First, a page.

Tip-enhanced photoluminescence (TEPL) experiments have recently reached the ability to investigate single molecules exploiting resolution at the submolecular level. Localized surface plasmon resonances of metallic nanostructures have the capability of enhancing an impinging electromagnetic radiation in the proximity of their surface, with evident consequences both on absorption and emission of molecules placed in the same region. We propose a theoretical analysis of these phenomena in order to interpret TEPL experiments on single molecules, including a quantum mechanical description of the target molecule equilibrated with the presence of two nanostructures representative of the nanocavity usually employed in STMs. The approach has been applied to the zinc phthalocyanine molecule, previously considered in recent TEPL experiments [Yang et al., Nat. Photonics 14, 693–699 (2020)]. This work has the aim of providing a comprehensive theoretical understanding of the experimental results, particularly focusing on the investigation of the tip features that majorly influence the excitation and fluorescence processes of the molecule, such as the geometry, the dielectric function, and the tip–molecule distance.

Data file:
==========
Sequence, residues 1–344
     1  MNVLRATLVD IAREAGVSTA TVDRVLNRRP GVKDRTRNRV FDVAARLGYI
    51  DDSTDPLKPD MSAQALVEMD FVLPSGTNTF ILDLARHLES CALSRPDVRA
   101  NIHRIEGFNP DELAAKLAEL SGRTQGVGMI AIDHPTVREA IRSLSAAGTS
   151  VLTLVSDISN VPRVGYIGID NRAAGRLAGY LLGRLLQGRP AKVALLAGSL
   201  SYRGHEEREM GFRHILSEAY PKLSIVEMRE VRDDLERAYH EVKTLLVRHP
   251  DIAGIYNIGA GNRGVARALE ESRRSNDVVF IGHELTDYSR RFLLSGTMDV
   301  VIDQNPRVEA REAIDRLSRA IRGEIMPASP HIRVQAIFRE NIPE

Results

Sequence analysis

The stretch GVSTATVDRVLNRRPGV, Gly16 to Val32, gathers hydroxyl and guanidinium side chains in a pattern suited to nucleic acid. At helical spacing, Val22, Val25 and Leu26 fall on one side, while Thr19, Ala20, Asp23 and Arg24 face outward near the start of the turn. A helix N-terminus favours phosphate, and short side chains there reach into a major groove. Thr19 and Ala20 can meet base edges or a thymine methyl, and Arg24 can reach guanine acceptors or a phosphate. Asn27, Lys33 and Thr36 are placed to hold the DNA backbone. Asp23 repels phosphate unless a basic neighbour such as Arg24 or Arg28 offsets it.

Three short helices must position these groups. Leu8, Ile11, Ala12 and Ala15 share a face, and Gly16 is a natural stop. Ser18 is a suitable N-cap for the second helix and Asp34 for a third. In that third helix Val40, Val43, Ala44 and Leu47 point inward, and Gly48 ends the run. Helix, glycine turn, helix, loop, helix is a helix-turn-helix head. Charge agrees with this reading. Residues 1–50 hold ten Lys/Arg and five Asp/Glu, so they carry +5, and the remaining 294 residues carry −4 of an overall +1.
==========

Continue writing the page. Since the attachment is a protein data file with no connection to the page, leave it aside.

Role of metal-nanostructure features on tip-enhanced photoluminescence of single molecules
Note: This paper is part of the JCP Special Topic on Chemical Imaging.
Marco Romanelli, Giulia Dall’Osto, Stefano Corni; Role of metal-nanostructure features on tip-enhanced photoluminescence of single molecules. J. Chem. Phys. 7 December 2021; 155 (21): 214304. https://doi.org/10.1063/5.0066758
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